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A brilliant trip to 'Swan Lake'

Vladimir Bourmeister brings his revisionist version of the Tchaikovsky classic to L.A.'s Kodak Theatre.

May 26, 2003|Lewis Segal | Times Staff Writer

Suppose for a moment that Tchaikovsky knew what he was doing when he composed "Swan Lake" -- that all the cuts, interpolations and other extensive changes that choreographers imposed on his score after his death just weren't necessary. Suppose too that the traditional story line of the ballet could be strengthened, heightened, clarified without doing any violence to the classicism of the dancing.

These suppositions may have seemed radical to conservative balletomanes half a century ago, but by acting on them, Russian choreographer Vladimir Bourmeister created a generally persuasive and sometimes downright brilliant version of the ballet that still outclasses most others on international stages.

His Moscow Stanislavsky Ballet introduced local audiences to its surprises and satisfactions a year ago at the Kodak Theatre; on Friday, the company returned for seven additional performances of "Swan Lake," plus three of "Giselle."

Many of Bourmeister's innovations are elaborate and even startling -- notably a ballroom scene in which the wicked Odile keeps materializing in the midst of the Spanish, Italian, Hungarian and Polish dances.

Some, however, are very simple: keeping Prince Siegfried onstage during Odette's Act 2 solos, so that her dancing reinforces the couple's growing relationship.

Current artistic director Dmitry Bryantsev is an important choreographer with his own enlightened version of "Le Corsaire," but he has treated this "Swan Lake" as personal property, refurbishing it in 1992 with the imaginative, atmospheric designs of Vladimir Arefiev (feathery foliage, tree limbs that look like wings) and overseeing performances of great freshness and conviction.

Unfortunately, you can't tell who's dancing: The Kodak program booklet offers merely a jumble of names -- everyone who might be cast in a given role during the run.

However, three slates of Moscow Stanislavsky principals over the weekend proved that the mystery of who's who in "Swan Lake" can't mute the triumph of what's what.

In some ways, the Saturday matinee cast offered the strongest case for the ballet as dance drama.

As Siegfried, the youthful Vladimir Grigorev endowed his limited virtuosity with limitless passion, with the febrile, birdlike Oxana Kuzmenko melting into his arms as Odette but defining a fierce independence as Odile.

Collectors of fouettes could rejoice in the daring of Kuzmenko's Black Swan virtuosity, but artful dramatic touches also made her portrayal memorable. And, for once, the cast boasted in Vitaly Breusenko a Jester who not only blazed through bravura turning combinations but also actually found time to jest.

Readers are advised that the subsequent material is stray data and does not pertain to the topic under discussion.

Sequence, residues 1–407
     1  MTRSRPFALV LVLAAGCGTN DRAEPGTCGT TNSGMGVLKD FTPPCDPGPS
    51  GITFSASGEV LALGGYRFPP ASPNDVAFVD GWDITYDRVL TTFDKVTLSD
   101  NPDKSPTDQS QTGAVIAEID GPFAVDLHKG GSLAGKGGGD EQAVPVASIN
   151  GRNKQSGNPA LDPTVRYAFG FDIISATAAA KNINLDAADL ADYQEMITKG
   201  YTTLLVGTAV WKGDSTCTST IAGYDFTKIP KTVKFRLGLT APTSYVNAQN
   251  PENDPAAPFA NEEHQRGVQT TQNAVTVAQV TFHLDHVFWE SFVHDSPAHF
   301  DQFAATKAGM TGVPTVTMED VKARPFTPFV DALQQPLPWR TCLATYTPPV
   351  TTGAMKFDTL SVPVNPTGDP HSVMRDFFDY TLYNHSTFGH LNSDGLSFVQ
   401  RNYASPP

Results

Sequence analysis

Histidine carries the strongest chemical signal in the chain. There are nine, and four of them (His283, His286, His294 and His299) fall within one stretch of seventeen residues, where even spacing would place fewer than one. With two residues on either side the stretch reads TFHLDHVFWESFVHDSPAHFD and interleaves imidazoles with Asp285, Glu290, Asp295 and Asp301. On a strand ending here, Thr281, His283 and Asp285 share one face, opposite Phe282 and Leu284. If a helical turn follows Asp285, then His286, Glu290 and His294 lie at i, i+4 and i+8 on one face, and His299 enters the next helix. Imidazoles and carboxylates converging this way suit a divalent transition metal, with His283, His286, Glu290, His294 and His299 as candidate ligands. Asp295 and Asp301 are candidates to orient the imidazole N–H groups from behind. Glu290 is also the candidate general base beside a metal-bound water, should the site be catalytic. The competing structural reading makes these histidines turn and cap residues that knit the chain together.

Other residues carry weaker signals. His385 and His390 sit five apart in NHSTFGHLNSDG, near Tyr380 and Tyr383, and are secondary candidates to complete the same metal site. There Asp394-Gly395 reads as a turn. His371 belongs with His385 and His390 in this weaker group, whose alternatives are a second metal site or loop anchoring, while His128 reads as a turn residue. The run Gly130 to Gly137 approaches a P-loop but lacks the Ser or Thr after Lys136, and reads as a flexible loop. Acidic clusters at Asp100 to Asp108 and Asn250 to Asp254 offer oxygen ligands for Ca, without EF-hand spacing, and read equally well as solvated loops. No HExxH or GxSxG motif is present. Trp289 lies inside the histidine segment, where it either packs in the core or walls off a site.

In contrast, Vladislav Buchkovskyy looked less like a court jester on Friday and Saturday evening than a champion jumper hiding out in jester drag. However, the spectacular speed and lightness of his dancing set a standard for the entire season.

On Friday, Tatiana Chernobrovkina exuded lyric nobility as Odette and technical force as Odile, but for all her skill, the result remained muted -- no flashpoint, no tragic or demonic stature. As Siegfried, the long-limbed Georgy Smilevski partnered her conscientiously, soared through turning combinations and reinforced the evening's emphasis on classical form over dramatic content.

One night later, Natalia Krapivina danced a small-scale and rather clenched Odette, but an expansive, sizzling Odile. Victor Dik partnered her attentively and made dramatic projection loom larger than virtuosity in his portrayal of Siegfried.

As Rothbart at all three performances, Anton Domachev capitalized on malignant glee, always manipulating giant wings and a red cape with authority.

The women's corps admirably served the large-scale choreographic design of the swan scenes but also carefully preserved the subtle dramatic details that distinguish Bourmeister's edition.

Confirming the company's excellence, a roster of fine soloists embellished the weekend performances, most notably Kadria Amirova, Anastasia Perchenkova, Stanislav Bukharev, Inna Ginkevich, Irina Belavina, Ekaterina Safonova, Lesya Sulyma and Roman Malenko.

Sharing conducting duties, Georgy Zhemchuzhin (the evening performances) and Vladimir Basiladze (Saturday afternoon) upheld the deep respect for Tchaikovsky underpinning the whole project.

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